Actually HTC is making the "signature" WP8 devices, not Nokia.
Another disadvantage: the time when you would most want to tow something else, like an actual trailer or a boat - on a longer trip - you can't, because you're towing part of your car instead. There's also the issue of safety: trailers are terrible for handling and make driving, dangerously lethal as it already is, even more difficult.
He actually started the space company because nobody would provide him with a rocket cheaply enough to launch his greenhouse. So, he decided he would have to do it himself.
There's no inherent reason you *have* to rebuild everything, it's just that our resuable designs are not sufficiently advanced. Early jet engines had to be rebuilt after almost every flight; but after a few decades of refinement, they can operate almost continuously for months without major maintenance.
I doubt it. I mean, I asm certain that most people value their privacy. They just don't value it all that highly. The first time frozen pizzas go on sale 5/$10, most people will conclude that it's worth the price.
You're on to something, but I think it's simply a case of chronological proximity bias. The problems we face today always *feel* like the most severe problems ever faced, but that is probably often just because they are the most prominent in our minds. I mean, look how many writers from the last century predicted widespread famine, because when you ran the numbers it just didn't seem possible. They thought it was the biggest problem humanity ever faced. Eventually we managed to overcome it and now it feels like a big nothing. Instead we have our own, new, biggest problems humanity has ever faced. Except they're not, not really. They just seem that way because we know that the other ones got solved, and we don't know yet how to solve the unsolved ones. And those writers, in turn, were probably overestimating the relative severity of that problem compared to other historical problems.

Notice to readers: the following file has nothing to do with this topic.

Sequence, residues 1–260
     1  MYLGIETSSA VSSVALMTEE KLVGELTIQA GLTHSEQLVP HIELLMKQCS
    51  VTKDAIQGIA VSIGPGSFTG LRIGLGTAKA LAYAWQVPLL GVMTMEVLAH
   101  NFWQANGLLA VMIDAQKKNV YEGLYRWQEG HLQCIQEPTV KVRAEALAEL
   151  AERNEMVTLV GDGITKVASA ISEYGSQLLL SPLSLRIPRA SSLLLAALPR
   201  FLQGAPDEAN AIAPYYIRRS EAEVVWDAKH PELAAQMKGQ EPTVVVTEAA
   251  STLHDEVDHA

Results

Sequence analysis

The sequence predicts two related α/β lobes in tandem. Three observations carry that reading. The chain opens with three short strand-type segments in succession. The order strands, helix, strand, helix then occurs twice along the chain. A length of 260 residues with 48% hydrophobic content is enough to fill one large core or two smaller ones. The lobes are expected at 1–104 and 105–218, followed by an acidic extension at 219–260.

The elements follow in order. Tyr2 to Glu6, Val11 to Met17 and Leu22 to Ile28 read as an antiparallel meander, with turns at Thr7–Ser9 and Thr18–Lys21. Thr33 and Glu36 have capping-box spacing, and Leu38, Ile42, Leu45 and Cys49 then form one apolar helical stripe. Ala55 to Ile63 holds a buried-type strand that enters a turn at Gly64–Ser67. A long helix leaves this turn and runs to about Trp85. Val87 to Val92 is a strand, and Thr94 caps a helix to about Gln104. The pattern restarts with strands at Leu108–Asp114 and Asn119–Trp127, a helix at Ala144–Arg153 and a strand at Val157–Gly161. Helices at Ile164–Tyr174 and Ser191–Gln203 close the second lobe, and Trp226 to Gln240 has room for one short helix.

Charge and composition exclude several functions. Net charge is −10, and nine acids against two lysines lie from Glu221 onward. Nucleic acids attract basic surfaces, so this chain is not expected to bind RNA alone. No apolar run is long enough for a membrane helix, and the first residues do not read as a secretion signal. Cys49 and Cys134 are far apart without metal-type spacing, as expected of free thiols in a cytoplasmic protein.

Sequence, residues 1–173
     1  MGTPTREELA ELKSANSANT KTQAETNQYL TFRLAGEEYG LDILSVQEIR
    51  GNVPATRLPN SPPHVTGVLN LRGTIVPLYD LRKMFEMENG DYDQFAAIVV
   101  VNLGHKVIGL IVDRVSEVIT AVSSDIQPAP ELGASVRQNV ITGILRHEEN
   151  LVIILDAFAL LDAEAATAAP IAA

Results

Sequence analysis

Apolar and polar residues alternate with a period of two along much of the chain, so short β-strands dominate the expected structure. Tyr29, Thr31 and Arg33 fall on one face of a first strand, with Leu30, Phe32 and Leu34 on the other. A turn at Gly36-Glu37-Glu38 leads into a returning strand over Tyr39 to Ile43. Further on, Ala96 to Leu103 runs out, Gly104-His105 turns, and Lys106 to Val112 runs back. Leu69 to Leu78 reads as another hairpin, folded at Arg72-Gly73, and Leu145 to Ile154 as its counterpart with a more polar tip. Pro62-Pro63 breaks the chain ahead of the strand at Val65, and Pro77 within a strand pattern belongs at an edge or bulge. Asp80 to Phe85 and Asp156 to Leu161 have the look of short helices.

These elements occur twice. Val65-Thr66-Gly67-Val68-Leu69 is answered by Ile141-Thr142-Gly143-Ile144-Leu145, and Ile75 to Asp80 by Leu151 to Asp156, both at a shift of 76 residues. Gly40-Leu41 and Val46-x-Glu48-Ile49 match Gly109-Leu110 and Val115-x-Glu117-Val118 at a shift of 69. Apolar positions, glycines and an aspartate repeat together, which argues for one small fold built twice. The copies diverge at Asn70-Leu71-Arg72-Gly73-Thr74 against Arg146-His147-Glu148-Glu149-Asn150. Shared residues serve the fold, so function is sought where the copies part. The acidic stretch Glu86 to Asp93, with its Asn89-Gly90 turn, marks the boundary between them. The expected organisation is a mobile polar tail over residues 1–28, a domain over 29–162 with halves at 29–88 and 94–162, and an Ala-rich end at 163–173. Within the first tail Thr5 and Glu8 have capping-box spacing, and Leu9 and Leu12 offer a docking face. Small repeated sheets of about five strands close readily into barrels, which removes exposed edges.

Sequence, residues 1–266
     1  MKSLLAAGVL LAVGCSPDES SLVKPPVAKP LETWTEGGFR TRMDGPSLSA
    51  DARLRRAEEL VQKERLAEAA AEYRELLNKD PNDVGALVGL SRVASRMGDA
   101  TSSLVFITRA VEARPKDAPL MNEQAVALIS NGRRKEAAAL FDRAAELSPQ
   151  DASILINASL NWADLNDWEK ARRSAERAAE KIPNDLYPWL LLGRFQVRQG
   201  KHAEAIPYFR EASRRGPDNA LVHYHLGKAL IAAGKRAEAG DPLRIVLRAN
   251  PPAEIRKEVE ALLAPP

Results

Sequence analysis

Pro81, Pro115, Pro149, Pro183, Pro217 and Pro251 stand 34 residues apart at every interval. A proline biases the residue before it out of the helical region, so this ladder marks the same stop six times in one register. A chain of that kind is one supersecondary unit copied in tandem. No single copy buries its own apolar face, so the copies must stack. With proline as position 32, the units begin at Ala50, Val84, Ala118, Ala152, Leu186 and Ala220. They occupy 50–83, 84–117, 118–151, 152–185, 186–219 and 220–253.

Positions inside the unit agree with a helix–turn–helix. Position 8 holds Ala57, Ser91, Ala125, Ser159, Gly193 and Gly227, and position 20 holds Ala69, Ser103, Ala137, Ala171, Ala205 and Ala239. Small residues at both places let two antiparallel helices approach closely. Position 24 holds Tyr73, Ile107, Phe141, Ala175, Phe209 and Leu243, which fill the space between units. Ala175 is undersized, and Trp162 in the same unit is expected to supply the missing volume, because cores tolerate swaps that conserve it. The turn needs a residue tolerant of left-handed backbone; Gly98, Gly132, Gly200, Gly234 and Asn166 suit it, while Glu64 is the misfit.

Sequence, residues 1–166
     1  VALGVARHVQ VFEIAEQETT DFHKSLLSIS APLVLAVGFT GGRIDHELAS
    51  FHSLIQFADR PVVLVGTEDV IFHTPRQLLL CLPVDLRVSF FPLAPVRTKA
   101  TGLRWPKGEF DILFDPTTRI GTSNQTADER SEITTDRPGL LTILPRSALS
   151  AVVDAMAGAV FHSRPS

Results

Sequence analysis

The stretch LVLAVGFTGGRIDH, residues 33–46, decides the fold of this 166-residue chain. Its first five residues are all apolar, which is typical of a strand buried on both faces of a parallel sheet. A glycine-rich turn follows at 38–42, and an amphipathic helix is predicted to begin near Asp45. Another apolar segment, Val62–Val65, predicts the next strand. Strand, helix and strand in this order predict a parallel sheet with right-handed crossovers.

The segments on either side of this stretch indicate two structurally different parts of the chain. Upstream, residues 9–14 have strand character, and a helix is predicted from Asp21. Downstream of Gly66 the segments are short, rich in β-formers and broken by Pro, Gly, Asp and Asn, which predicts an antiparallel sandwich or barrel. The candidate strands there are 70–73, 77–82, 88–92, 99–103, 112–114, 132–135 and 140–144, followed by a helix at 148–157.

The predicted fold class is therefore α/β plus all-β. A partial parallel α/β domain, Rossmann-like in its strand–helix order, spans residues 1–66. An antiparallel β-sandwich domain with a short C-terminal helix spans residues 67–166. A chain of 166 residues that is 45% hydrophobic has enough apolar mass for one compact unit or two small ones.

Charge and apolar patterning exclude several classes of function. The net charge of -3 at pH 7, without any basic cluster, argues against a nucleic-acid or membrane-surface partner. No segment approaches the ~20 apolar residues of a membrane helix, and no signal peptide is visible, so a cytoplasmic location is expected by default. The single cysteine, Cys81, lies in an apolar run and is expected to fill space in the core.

It's the same perspective problem that causes doomsdayism.
If enough manufacturers are seeing this reason for return and losing money because of it, you can be sure they'll start charging restock fees.
The point is that there is nothing that will be preventing you from doing whatever you want to the hardware you bought: hack it, wipe it, blend it, nobody will stop you. What you are actually complaining about is that the hardware you bought isn't exactly the hardware you want. But, it's a lot harder to blame other people for the poor purchasing decision you made.
Honest to god, real-life spit-take. Keyboard's okay, though, it's a Model M.
There's already an entire website specifically for that purpose.
Thank you, Dr. Science.
I don't recall the specific physics principle, but it is something along the lines of 'particles below a certain size cannot be measured without affecting their behavior'.
It's the Heisenberg uncertainty principle. However, by reversing the polarity of the entangled particles and running them through the matrix field of a Heisenberg compensator, you get a controlled tachyon burst that counteracts entropy. At least, that's what I gathered from this write-up.
No, no, you want to say "serious business." Mirrored shades, porn 'stache, aloha shirt, silk sport coat, and a concealed smartphone holster.
That would be great! Get them with the cursive name patches, too. And might as well strap on elbow pads by default for working under the desks!
You know, I'm not sure if there was an explicit dress code beyond "shirt and tie," or if it was simply a case of everybody following Kranz's lead. I'm fairly certain that engineers were originally expected to wear suits, but somewhere along the line that rule was relaxed and short sleeves permitted due to the heat generated by all the equipment.